Archive for July 11th, 2011

martina’s masterful night

July 11, 2011

Martina Hingis, serving up a WTT ‘W.’ (TSF image)

Hingis, circa 1997: There was a point tonight when I sat in the bleachers at the Sportimes’ World Team Tennis match on Randall’s Island just outside of Manhattan and thought: Oops, Martina Hingis really has lost it. That was in the middle of Hingis and partner Travis Parrott‘s mixed doubles loss to the St. Louis Aces, putting New York down 10-15 as Hingis headed into the women’s singles bout.

And then Martina Hingis proved me wrong.

If you’ve never been to a WTT tie before, they can be up-and-down affairs. Sets are played to five games, not six, and scoring is a no-ad system, meaning if the game goes to three-three in points (we might call that “Deuce”), it’s a receiver’s choice point that decides the game. Hingis had to win all five of her game to give New York even a tie against the Aces.  | TSF Vault: Martina Hingis

Which is exactly what she did. Taking the court against Maria Sanchez (nope, not Caroline Sanchez. Maria. Yeah, we had never heard of her, either … ) Hingis rolled out four straight games, causing the St. Louis team to sub in doubles expert Liezel Huber in a last-ditch effort to save the match. Huber couldn’t do it and it was game and match to Hingis, 5-0. Team score? 15-15.

That meant the ladies would play a first-to-seven-point tie-breaker, sudden death. If the match reached 6-all, it was down to a final point. After some awkward (and nervous) play from both, the ladies locked in at 6-all. Surprise!

Let me just say for a second that this is exactly when you think Martina Hingis might buckle. She hasn’t played competitively in years, hasn’t been in a tight Grand Slam situation in nearly a decade. And here’s Liezel who is still active on the women’s doubles circuit getting her to 6-6 in a tiebreak. Eek.

But biting down on Huber’s loopy balls, Hingis attacked the way the Williams sisters and Lindsay Davenport did her own strokes in the early 2000’s. She came into the next and punctuated the win with a headstrong crosscourt forehand volley that was a little bit of a “Take that!” sort of finish to the whole night, which saw Huber at one point hit Hingis rather hard with a volley in mixed.

The small crowd went crazy, and TSF guesses this is just when WTT might feel a little bit like winning, say, the 1999 French Open. Or at least close to it. Especially at the age of 30.

After the match, Hingis was wearing Tonic and a smile. “I just thought, ‘I’m not missing it!'” Hingis told TSF excitedly. “I took my chance on a match point, I feel so much relief! The other girl [Sanchez] I had her figured out, but they put her in and I had to be both aggressive and patient. She played smart.”

But not as smart as you, Martina. Hey 2011, Martina’s back! And she’s brought 1997 along with her.

good idea, michelle

July 11, 2011

First serve, first lady: If there is any woman in the world that Serena Williams might be OK with being upstaged by, it’s First Lady Michelle Obama. The FLOTUS brought along daughters Sasha (holding sign) and Malia to a Washington Kastles World Team Tennis match last week in DC, the trio enjoying Serena’s first competitive tennis on US soil since the 2009 US Open. TSF East felt like taking a cue from Mrs. O — we’re off to the New York Sportimes’ match against the St. Louis Aces tonight in NYC, with a little Chris Evert exhibition thrown in the mix. Follow the action here: @nickmccarvel | @TSFtennis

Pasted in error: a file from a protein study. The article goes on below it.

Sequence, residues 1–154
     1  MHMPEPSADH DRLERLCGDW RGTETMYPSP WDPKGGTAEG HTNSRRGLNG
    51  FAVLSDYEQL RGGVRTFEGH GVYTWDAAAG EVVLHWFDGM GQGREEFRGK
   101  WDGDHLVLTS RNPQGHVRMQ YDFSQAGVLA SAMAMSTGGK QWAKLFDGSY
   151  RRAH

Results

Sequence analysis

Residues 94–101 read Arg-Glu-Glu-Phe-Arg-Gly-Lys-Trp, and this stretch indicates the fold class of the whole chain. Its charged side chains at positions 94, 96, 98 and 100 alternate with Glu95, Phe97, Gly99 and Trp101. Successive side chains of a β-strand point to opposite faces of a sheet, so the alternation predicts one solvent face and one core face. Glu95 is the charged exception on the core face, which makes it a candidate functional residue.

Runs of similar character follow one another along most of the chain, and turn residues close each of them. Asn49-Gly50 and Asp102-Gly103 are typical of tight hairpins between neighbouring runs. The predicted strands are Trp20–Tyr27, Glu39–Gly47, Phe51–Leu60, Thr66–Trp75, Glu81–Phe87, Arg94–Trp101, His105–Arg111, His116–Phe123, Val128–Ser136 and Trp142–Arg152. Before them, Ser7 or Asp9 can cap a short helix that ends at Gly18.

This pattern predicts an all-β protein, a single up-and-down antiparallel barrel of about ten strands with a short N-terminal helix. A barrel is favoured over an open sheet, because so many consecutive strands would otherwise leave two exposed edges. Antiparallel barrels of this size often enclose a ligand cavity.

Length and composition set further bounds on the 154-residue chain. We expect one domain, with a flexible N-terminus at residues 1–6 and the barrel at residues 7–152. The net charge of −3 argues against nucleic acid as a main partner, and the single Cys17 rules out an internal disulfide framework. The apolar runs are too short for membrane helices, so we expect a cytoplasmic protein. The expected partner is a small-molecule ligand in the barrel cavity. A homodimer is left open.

TSF Vault: WTT | Michelle Obama

(Image via WHMG TV)

trophy watch: those who bounce back

July 11, 2011

No Wimbledon hangovers here: For those players who choose to play the week after Wimbledon on the tours, they never know quite what they’re getting themselves into until they get onto the court and realize, Hey, this isn’t Wimbledon! For the men the surface transition might be a little easier (the only event offered is a grass court tune-down — is that what you call a surface-specific post-Slam small event?), though they go further geographically, crossing the Atlantic while the women stay in Europe (Sweden and Hungary, respectively). 

Newport: While John Isner was left off the losing US Davis Cup team, the 6-foot-9 big-serving American took a wild card into the Campbell’s International Tennis Hall of Fame Championships and won the tourney, the first top seed to do so in its 35-year history. And while he stood much taller than 5-foot-6 Olivier Rochus, the 26-year-old barely inched past the Belgian, 6-3 7-6 (6). The 15-inch difference between the two players was the greatest in ATP history.

Clay ladies: Polona Hercog and Roberta Vinci were happy to be back on the red stuff, winning titles in Bastad and Budapest, respectively. Hercog nabbed her first WTA win with help of an injured Caroline Wozniacki (who withdrew in the second round), beating local Johanna Larsson in the final, 6-4 7-5. Vinci, meanwhile, captured her third title of the year, defeating Irina-Camelia Begu, 6-4 1-6 6-4. See Vinci below.

(Isner and Vinci via the AP; Hercog image by the Swedish Open via the WTA)


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